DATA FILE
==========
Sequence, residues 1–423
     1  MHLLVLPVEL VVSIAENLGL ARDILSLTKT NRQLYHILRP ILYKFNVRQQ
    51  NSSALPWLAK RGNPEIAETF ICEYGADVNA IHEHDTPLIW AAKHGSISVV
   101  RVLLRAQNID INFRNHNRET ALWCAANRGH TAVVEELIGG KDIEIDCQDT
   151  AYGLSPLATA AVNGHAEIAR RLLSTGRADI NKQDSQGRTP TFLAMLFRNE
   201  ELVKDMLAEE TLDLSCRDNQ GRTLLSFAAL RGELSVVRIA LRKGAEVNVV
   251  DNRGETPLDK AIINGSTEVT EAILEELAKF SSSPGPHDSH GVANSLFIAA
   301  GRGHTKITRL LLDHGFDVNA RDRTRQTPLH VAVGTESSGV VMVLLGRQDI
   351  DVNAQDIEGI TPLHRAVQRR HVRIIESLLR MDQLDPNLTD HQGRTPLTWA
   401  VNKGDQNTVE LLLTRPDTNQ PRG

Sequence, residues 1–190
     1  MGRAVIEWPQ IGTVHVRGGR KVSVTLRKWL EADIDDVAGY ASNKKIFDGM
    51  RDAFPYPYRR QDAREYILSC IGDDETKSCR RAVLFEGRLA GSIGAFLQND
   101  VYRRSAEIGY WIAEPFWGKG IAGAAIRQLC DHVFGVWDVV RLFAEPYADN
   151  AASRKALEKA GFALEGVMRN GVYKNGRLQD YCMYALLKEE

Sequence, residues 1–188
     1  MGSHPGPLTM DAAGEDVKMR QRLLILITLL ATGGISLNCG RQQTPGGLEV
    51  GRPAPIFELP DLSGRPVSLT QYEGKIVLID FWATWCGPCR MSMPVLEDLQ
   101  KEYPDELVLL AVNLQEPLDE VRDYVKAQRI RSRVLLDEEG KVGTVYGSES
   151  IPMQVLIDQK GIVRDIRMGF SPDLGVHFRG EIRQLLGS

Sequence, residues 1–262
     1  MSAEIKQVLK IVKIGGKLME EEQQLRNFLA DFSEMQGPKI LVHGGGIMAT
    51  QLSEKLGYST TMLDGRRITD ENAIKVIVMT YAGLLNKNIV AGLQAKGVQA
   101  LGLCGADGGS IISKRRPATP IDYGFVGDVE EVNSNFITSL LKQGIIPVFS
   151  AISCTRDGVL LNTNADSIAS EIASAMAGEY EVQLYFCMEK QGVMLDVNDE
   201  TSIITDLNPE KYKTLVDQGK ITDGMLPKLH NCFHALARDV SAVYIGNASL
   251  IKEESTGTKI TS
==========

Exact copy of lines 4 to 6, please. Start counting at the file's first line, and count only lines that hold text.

   101  RVLLRAQNID INFRNHNRET ALWCAANRGH TAVVEELIGG KDIEIDCQDT
   151  AYGLSPLATA AVNGHAEIAR RLLSTGRADI NKQDSQGRTP TFLAMLFRNE
   201  ELVKDMLAEE TLDLSCRDNQ GRTLLSFAAL RGELSVVRIA LRKGAEVNVV